installation

installation

… where the seams are distinctly obvious, exaggerated or highlighted. Some with texture, some with technique, and some with thick application of alternative metals (in the aluminium on copper vessels).

A handful of the pieces on show are from 2007, with others from 2011 and since.

The below vessels are the standouts to me – stainless steel, with precision-spaced welding dots … beautiful. The paper studies for these were in the previous exhibition I saw of his work, at Monash.

Vessel cluster #1 (2012)

Vessel cluster #1 (2012)

I’m at a bit of a loss with respect to the chosen exhibition design (the off-angle green one at the back upsets my peculiar penchant for lined up edges) – perhaps the uneven and distinct tables reflect the seams on the vessels. That said, the pre-loved work tables are a most effective contrast to the refined cabinets of the ‘Transplantation‘ exhibition in the same room.

Best of all, it pleases me no end that there is not a highly polished surface in sight.

Vito Bila ‘Unseamly Vessels‘ is at Craft until 30th August 2014.

—-

See also: September 2012 Vito Bila ‘narrative

—-





‘Transplantation’ @ Craft

18 08 2014

August is always a fabulous month at Craft – this month is no less than a jewellery and silversmithing extravaganza.

Transplantation – A sense of place and culture – British and Australian Narrative Jewellery‘ is a traveling exhibition curated by Professor Norman Cherry from the University of Lincoln (England).

installation

installation

Exhibition media: “This exhibition of contemporary narrative explores the sense of place and cultural identity through the theme of transplantation. Artists based in the UK and Australia have explored their own sense of place and individual cultural identity as a consequence of their personal and family experiences of transplantation.

Jewellery provides a means of recording memory and experience in a portable and wearable form. Through this medium it is possible to express ideas, thoughts, and concerns, which may not be achievable in other ways. Twelve contemporary jewellery artists from the UK and Australia have been selected to create up to three pieces of work each, which will articulate the notion of transplantation in a tangible form.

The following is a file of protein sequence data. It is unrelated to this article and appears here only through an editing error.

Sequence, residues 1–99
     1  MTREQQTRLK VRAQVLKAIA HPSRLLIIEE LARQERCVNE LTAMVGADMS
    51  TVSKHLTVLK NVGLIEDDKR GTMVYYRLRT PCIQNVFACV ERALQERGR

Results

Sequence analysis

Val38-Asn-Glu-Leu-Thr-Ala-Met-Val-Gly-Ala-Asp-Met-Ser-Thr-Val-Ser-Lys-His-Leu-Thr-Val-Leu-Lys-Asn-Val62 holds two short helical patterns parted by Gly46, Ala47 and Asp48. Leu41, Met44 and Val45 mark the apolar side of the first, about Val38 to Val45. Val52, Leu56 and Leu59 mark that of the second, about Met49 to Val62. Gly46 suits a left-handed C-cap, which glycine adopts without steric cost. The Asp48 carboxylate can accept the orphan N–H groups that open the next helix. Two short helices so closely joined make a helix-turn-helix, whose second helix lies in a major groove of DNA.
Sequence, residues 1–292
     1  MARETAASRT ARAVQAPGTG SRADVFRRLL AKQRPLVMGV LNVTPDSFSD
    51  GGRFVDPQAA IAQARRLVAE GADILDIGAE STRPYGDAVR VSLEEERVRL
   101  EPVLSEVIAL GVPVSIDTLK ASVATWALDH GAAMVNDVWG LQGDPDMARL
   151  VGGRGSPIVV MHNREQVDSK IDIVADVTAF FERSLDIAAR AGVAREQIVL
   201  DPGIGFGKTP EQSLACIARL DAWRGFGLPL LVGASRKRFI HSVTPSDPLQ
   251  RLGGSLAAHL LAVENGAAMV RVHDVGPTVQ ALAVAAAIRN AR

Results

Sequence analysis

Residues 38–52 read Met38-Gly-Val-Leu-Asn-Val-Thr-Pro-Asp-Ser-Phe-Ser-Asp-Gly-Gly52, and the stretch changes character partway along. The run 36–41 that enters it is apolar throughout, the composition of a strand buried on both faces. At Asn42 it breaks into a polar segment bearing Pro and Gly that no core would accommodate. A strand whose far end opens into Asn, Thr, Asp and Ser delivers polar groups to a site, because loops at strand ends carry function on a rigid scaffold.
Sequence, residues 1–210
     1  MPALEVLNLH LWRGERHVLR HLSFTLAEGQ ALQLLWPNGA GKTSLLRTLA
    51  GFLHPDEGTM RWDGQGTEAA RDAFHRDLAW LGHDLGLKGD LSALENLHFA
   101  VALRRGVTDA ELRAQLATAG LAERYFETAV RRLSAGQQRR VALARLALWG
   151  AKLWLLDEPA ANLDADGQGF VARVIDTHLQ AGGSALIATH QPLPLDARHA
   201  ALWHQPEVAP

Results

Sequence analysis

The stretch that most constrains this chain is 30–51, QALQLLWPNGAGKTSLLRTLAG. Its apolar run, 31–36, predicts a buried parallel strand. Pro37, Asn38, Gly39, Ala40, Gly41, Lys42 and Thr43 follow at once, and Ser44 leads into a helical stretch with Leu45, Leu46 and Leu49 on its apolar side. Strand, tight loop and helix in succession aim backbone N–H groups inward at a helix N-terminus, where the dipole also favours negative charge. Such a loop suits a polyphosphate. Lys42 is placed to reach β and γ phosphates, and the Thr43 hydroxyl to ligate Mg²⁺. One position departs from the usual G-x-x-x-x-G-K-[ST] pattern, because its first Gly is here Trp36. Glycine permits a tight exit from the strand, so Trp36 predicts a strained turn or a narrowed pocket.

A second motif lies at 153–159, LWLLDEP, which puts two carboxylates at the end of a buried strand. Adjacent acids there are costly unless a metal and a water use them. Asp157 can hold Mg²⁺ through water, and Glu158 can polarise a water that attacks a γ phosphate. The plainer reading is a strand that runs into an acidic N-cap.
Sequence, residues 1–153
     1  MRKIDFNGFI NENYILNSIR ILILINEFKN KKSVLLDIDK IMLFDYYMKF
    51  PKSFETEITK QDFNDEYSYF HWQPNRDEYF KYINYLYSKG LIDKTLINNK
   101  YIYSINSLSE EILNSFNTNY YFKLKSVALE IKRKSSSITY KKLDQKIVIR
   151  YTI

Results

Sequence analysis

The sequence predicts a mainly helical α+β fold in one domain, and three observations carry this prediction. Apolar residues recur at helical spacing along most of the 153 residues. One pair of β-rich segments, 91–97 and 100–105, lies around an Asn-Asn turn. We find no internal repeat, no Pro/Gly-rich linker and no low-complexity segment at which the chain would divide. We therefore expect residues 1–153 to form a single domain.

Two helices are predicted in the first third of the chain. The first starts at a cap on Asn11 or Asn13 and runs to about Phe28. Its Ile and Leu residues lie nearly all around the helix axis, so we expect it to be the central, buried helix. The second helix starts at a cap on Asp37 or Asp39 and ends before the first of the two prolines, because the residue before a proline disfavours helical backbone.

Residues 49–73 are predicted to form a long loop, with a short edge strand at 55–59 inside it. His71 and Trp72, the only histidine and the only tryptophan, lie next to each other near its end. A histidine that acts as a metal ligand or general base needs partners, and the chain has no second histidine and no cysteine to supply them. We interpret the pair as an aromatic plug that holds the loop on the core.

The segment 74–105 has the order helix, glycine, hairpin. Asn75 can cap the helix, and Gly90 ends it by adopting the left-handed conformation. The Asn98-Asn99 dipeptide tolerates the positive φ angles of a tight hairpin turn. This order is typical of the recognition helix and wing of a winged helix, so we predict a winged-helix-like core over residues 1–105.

The exhibition design is reminiscent of a museum layout or like cases displaying specimens … no doubt quite deliberate given the concept. I think this kind of display puts me in mind of looking at ‘old or extinct things’ – bowing down to see the pieces, under glass, and in really very beautiful quality cabinets.

The Australian artists are separated from the English artists – two groups of six cabinets.

Australian group

Australian group

The works of the English group were very intriguing. I especially liked Lin Cheung’s work (in the bottom left of the below image) of 24 pennies made of gold ranging from 1 to 24 carat. The description of the story is beautiful and I think most evocative of the ‘transplantation’ concept.

English group

English group

Participating artists are:

Australia

  • Anna Davern, Melbourne (notoriously and gleefully Australiana-loving, and therefore a perfect artist to include in such a show) [website, my blog posts]
  • Roseanne Bartley, Melbourne [blog]
  • Joung-Mee Do, Melbourne [my blog posts]
  • Nick Bastin, Melbourne [my blog posts]
  • Sheridan Kennedy, Sydney [website]
  • Bridie Lander, Sydney/Birmingham

England

  • Jivan Astfalck, London
  • Norman Cherry, Lincoln
  • Jack Cunningham, Birmingham [website]
  • Laura Potter, London [website]
  • Lin Cheung, London [website]
  • Jo Pond, Derby [website]

The exhibition catalogue is available online here (pdf).

Transplantation‘ has been traveling [see other locations here] and is at Craft until 30th August 2014.

—-

Update (an hour after initial publication): it was remiss of me (well, forgetful actually) to omit that Zoe Brand wrote a well considered review of this exhibition catalogue for AJF last year – see it here.

At the time Zoe and I had a brief email exchange about what exactly ‘narrative‘ jewellery is/was … I’ve always struggled with these genre-definitional-related terms.